Hell, if it were easy, it’d be football.

1918413_174522017913_4358873_n

On Blogging

2 Sep

I had a great conversation today with one of my best friends who asked me for some tips on starting her own blog. She said she wanted to write to keep her skills sharp and to have some clips to show to potential editors or employers and wanted some input on content creation.

Git up, git out, and git something

The first thing I told her was to just do it. Outkast was playing on the radio today, imploring the world to “Git up, git out, and git something,” and I think that applies to many things, blogging included. Like I talked about in “Creativity Training,” it’s often more about consistency than about trying to strike gold every time.

Git up, git out, and git something!

Git up, git out, and git something!

But “gitting something” aside, how do you pick what to write about?

Write about something that you’re passionate about

That sounds self-evident, but I think for a personal project like a blog, you should absolutely be writing about things that you genuinely care about. Whether it’s something funny that happened while getting your tires changed, an interesting conversation about the relative merits of using Snapchat for advertisting, or a Norwegian band that you can’t get enough of, make sure it’s something that you can easily sit down and talk to somebody about with enthusiasm.

It's easy to wr

It’s easy to write when you’re somewhere cool and foreign, like on the Malecon in Cuba!

My blog is my baby. I love blogging. I started this blog as a travel blog to document my adventures in Mexico and Cuba and found it was easy to write about all of the crazy experiences that happen when you’re traveling. Since I’m not traveling as regularly or for long periods of time like I had been, I’m finding that I’m struggling to create my identity for my blog, but I’m also having a ton of fun because I choose to just write about whatever is on my mind.

Don’t be afraid to test out several identities and voices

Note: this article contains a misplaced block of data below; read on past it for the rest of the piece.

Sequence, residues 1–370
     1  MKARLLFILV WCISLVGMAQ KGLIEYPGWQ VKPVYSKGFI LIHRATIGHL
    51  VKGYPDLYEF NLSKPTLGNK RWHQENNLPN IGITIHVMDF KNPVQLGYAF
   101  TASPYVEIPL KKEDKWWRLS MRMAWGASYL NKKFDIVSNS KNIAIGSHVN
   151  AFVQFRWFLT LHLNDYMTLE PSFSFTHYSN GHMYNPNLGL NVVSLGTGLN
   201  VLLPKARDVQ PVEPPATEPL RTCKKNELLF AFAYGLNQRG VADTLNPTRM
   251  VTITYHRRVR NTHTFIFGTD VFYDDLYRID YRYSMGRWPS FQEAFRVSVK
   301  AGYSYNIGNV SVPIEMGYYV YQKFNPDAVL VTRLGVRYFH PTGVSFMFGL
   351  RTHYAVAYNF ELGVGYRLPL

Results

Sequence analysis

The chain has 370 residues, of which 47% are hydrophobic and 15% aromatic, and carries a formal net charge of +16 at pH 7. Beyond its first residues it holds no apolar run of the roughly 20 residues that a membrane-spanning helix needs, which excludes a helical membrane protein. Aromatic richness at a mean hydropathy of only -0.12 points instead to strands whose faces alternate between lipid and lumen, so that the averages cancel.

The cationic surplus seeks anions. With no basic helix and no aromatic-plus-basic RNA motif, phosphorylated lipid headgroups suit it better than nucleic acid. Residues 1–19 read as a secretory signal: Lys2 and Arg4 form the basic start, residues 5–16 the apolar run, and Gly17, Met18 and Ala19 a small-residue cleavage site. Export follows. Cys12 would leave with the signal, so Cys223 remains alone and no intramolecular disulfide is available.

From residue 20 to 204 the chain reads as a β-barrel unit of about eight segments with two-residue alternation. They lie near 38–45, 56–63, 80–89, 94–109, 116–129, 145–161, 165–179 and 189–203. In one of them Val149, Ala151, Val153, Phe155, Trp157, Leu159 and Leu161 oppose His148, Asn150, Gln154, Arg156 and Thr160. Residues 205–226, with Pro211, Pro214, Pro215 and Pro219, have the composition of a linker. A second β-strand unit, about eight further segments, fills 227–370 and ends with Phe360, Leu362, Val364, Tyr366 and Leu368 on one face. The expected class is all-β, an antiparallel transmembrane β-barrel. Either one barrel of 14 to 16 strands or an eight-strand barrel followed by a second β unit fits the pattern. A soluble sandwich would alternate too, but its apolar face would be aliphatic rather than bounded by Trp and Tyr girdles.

One of the most liberating parts of blogging is having a chance to experiment with your voice, style, and subject matter. One of my favorite posts I wrote was a spoof on “If You Give A Mouse a Cookie,” a silly look at the headache of trying to get a cell phone in Cuba. Another favorite was a much more serious homage to my grandmother that I wrote in the airport, tears streaming down my face while I typed.

I recommended that my friend pick out a tagline for her blog that is open-ended enough to allow her to cover a broad range of topics. Mine, “Working to Eliminate the Word ‘Bored’ From My Vocabulary,” gives me a wide enough umbrella that I feel comfortable writing about a variety of topics. I’m not constrained by the label of “This is a travel blog,” or “This is a food blog.”

That being said….

Determine what you really want out of your blog

            For me, blogging is a creative outlet. It’s more about the process than it is about the finished product. Blogging is a more fleshed-out journal—

I don’t edit my posts very heavily (I’m sure you can tell). It’s partially an exercise in writing quickly and partially a way to just say what’s on my mind. I admit that some of my posts (this one included) are incredibly self-indulgent… but let’s be real, isn’t that just a lot of writing in general? But deciding what you want out of your blog is an important first step— are you trying to create a huge network of loyal readers? Be a teacher? Inspire, amuse, entertain? Are you giving advice on a topic you’re in which you have expertise? Are you making your own recipes and sharing them? Are you chronicling your journey training to pogo stick up Mount Kilimanjaro?

This is pessimistic, but I think when you blog you need to have a healthy amount of realizing that if someone who's not your mom reads your blog, you're doing great!

This is pessimistic, but I think when you blog you need to have a healthy amount of realizing that if someone who’s not your mom reads your blog, you’re doing great!

But at the end of the day…

It’s your thing—do what you wanna do

            If you’re blogging for yourself, it should be fun. It should be YOUR thing and an extension of your personality. So enjoy!

What do you think? Do you agree or disagree? If you have a blog, how are you using it? Why did it start?